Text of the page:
Emanuel, Schwimmer try to raise public awareness of sexual harassment

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In one of the sexual-harassment videos, David Schwimmer plays a boss who, at the end of a long day, insists on giving a young employee (played by Zazie Beetz) at his legal firm a ride home. | Screenshot

Some day, men won’t need to be reminded that sexual harassment is illegal and off-limits. Women won’t need to be encouraged to come forward when men in positions of power cross the line. Bystanders who witness the abhorrent behavior will join them.

But, if the #MeToo and #TimesUp movements have proven anything, it’s that we’re not there yet. Not by a long-shot.

Which is why Mayor Rahm Emanuel is joining forces with actor David Schwimmer on a citywide campaign aimed at empowering victims and witnesses to speak truth to power.

Starting Monday, public service announcements created and produced by Schwimmer, the Northwestern University grad of “Friends” fame who also co-founded Chicago’s Lookingglass Theatre, started appearing on billboards, street furniture and in taxicabs across the city.

Actor David Schwimmer says the city’s interest in his work against sexual harassment stemmed from his appearance on Mayor Rahm Emanuel’s podcast. | Fran Spielman/Sun-Times

Actor David Schwimmer says the city’s interest in his work against sexual harassment stemmed from his appearance on Mayor Rahm Emanuel’s podcast. | Fran Spielman/Sun-Times

The PSAs are aimed at shining the light on “unacceptable” behaviors that have been endured by women and tolerated by their co-workers for too long. By heightening awareness, the campaign aims to end what City Hall calls “institutional silence and complicity.”

The reality-based videos are alternately entitled, “The Boss,” “The Co-Worker” and “The Doctor.”

The PSAs and other information can be found at www.CityofChicago.org/ThatsHarassment.

Emanuel joined Schwimmer at a City Hall news conference Monday where the video in which Schwimmer appeared, “The Boss,” was played.

It showed the good-guy actor complimenting an underling’s earrings, then closing in for a kiss.

“This ad is about awareness. It’s awareness that leads to empowerment and empowerment that leads to action,” Emanuel said.

The mayor added: “This is not a women’s issue. Men must speak up . . . It’s about changing a culture and changing what’s acceptable and unacceptable.”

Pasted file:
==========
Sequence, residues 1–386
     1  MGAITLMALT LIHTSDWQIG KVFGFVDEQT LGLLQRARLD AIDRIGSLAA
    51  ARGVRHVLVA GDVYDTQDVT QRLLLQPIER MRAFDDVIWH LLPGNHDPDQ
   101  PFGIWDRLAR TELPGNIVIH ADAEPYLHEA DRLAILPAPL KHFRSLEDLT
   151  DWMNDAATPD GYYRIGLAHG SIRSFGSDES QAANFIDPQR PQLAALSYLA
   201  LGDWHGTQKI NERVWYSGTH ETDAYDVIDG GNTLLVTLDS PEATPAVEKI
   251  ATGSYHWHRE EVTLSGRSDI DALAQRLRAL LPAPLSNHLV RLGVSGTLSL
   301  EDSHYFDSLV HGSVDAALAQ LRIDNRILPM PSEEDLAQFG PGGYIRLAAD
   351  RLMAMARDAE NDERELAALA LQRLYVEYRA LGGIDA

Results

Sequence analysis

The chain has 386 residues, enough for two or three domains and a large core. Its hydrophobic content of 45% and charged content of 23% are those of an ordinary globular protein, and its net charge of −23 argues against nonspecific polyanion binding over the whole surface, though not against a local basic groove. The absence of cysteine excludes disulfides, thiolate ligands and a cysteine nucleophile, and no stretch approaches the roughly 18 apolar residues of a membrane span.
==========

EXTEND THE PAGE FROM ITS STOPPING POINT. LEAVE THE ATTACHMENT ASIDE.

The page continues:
Emanuel acknowledged it should not be necessary to conduct a public awareness campaign about sexual harassment. They should “get it” by now.

But “when you have something that has a long history that was put to the side, that was not discussed, that was never, ever given any … sense of legitimacy, I do believe we need these ads 100 percent.”

He added: “I’ve had in my career women who have talked to me about how uncomfortable they were in a situation and they feel somehow guilty. Making this and taking it out and putting it in the public arena changes the dynamics of power. By putting it in the public domain, it doesn’t allow one person … to use that power relationship to intimidate.”

Schwimmer noted the PSAs are not only about generating awareness.

“We’re providing actual resources — not only for victims, but bystanders. And a lot of the bystanders are often men. We want to empower these men and keep it in the public consciousness — not just make it a headline that, ‘OK, the most high-profile cases have gone away and now, we can move on to the next issue,’” the actor said.

“The link that’s in every ad will provide … real tools for companies and CEOs to actually reform their work environments. … HR training in this area has really been to protect the companies legally from litigation. This is taking it a step further and trying to create a culture in the work environment in which this is just not acceptable anymore.”

Schwimmer said he has no idea whether the problem of sexual harassment in the entertainment industry has gotten better or worse since allegations against Harvey Weinstein last fall triggered the #MeToo avalanche.

“I’m pretty confident that sexual harassment is happening every day. Probably right now as we have this conference — in every industry,” the actor said.

“There’s more fear and consequences now. So maybe, there’s hope. And now, with the #MeToo and #TimesUp movements, it’s certainly shedding a lot more light on the subject. And in time, it’ll be much better.”

The City Council has strengthened the sexual harassment ordinance five times in six months to drive the message home to city employees.

Still, Inspector General Joe Ferguson has accused a “director-level” employee at the city’s Department of Cultural Affairs and Special Events and a construction laborer from the Department of Water Management at the center of a racist and sexist email scandal of engaging in sexual harassment.

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